Environ Int 2019 Jun 16;127:730-741. Epub 2019 Apr 16.
MOE Laboratory for Earth Surface Processes, College of Urban and Environmental Sciences, Peking University, Beijing 100871, China. Electronic address:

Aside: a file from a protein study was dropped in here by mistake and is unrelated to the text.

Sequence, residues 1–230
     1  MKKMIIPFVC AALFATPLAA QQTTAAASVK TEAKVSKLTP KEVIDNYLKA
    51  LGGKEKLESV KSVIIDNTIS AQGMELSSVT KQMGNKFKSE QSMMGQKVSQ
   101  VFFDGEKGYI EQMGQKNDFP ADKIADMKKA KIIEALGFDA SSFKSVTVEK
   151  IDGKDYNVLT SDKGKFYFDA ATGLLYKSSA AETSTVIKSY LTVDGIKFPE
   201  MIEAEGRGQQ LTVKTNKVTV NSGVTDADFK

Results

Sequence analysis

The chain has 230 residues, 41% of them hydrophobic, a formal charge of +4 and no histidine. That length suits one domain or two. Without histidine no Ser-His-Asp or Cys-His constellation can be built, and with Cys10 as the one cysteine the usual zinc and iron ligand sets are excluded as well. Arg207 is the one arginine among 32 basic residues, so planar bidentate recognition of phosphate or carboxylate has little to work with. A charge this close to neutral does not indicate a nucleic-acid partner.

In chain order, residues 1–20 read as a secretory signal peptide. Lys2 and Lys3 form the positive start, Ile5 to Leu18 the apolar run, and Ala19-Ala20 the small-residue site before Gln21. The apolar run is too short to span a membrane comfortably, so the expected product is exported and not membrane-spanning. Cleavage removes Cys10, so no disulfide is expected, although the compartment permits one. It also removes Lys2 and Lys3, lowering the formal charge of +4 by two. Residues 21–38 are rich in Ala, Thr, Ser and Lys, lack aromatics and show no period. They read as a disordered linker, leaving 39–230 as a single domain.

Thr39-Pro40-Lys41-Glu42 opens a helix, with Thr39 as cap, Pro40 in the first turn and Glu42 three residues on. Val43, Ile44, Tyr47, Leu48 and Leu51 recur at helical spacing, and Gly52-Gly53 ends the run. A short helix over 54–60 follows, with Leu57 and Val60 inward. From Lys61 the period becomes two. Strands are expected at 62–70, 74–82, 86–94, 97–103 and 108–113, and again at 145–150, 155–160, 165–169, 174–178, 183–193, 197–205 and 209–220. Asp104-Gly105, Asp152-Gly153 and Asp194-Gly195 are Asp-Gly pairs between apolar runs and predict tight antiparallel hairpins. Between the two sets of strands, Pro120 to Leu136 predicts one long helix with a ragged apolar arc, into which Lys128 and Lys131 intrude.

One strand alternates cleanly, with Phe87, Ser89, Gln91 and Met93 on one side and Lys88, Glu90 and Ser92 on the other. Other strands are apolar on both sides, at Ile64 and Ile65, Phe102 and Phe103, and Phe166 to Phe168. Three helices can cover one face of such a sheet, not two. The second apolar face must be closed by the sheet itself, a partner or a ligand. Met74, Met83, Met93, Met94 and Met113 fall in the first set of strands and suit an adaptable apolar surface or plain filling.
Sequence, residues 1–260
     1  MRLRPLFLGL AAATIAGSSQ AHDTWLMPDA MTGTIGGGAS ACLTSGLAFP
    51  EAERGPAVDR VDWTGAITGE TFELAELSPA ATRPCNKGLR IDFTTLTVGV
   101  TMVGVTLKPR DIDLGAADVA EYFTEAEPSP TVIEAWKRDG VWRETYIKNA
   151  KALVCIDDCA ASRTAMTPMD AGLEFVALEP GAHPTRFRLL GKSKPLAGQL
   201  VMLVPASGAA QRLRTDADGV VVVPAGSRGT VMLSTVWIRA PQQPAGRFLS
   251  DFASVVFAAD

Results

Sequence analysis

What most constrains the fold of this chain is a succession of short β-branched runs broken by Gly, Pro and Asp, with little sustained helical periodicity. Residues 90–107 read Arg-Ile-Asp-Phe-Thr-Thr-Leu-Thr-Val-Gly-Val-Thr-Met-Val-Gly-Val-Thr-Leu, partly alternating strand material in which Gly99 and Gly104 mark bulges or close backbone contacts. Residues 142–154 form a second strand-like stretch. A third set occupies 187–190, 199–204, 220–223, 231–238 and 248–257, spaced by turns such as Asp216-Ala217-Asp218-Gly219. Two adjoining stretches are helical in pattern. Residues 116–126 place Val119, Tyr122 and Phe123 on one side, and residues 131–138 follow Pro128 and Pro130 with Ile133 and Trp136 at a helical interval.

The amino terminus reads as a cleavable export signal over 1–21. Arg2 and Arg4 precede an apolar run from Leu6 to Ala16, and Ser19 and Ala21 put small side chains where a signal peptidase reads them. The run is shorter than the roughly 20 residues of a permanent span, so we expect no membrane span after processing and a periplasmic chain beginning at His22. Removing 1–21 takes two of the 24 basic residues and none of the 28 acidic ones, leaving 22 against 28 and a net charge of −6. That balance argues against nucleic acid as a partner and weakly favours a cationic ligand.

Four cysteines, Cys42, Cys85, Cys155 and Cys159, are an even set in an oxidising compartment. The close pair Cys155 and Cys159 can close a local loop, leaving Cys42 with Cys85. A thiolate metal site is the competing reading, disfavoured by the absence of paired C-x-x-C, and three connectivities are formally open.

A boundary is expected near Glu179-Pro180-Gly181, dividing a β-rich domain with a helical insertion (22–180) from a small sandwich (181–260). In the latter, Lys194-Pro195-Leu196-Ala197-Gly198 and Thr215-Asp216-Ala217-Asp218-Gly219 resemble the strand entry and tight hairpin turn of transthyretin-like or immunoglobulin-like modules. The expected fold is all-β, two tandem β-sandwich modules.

p-Arsanilic acid (p-ASA) and roxarsone (ROX) are two major phenylarsenic feed additives that are still widely used in many countries, and the land application of animal waste containing these compounds could introduce large quantities of arsenic into the environment. In this study, we proposed a treatment scheme for animal waste that involves leaching of p-ASA/ROX out of the manure first by water, then oxidation by ferrate (Fe(VI)) and removal of the arsenate released by in situ formed Fe(III) oxide-hydroxide. The effects of solution pH, dosage of Fe(VI), solution ionic strength, and matrix species on the treatment performance were systematically evaluated. Initial solution pH values of 4.1 and 2.0 were chosen for the oxidation of p-ASA and ROX, respectively, while efficient arsenate removal could be achieved with relatively small adjustment of the final solution pH (to 4.0). The pH-dependent second-order rate constants for the reactions between ferrate and p-ASA and ROX over the pH range of 2.0-12.0 were estimated to be 7.13 × 10-2.01 × 10 and 8.91 × 10-1.65 × 10 M s, respectively. The degradation pathways of p-ASA/ROX during ferrate oxidation were proposed based on the inorganic and organic intermediates identified. Depending on the levels of p-ASA/ROX, effective treatment could be achieved through flexible adjustment of the Fe(VI) dosage. p-ASA/ROX (10 mg-As/L) in swine manure leachate could be efficiently treated by ferrate oxidation within 5 min, with the overall arsenic removal efficiency higher than 99.2%. The treatment performance was barely affected by the presence of common ions (K, Ca, Na, Mg, SO, NO, and Cl), while humic acid, Mn, Ni, Fe, and Co inhibited p-ASA/ROX oxidation. The presence of PO and NH could accelerate the oxidation of p-ASA/ROX, but PO and humic acid compromised sorptive removal of the released arsenate due to their competitive sorption on the Fe(III) oxide-hydroxide precipitate. Ferrate oxidation is green and fast, and the operation is simple, thus it could serve as a promising and environment-friendly option for mitigating the risk of phenylarsenic feed additives in animal waste.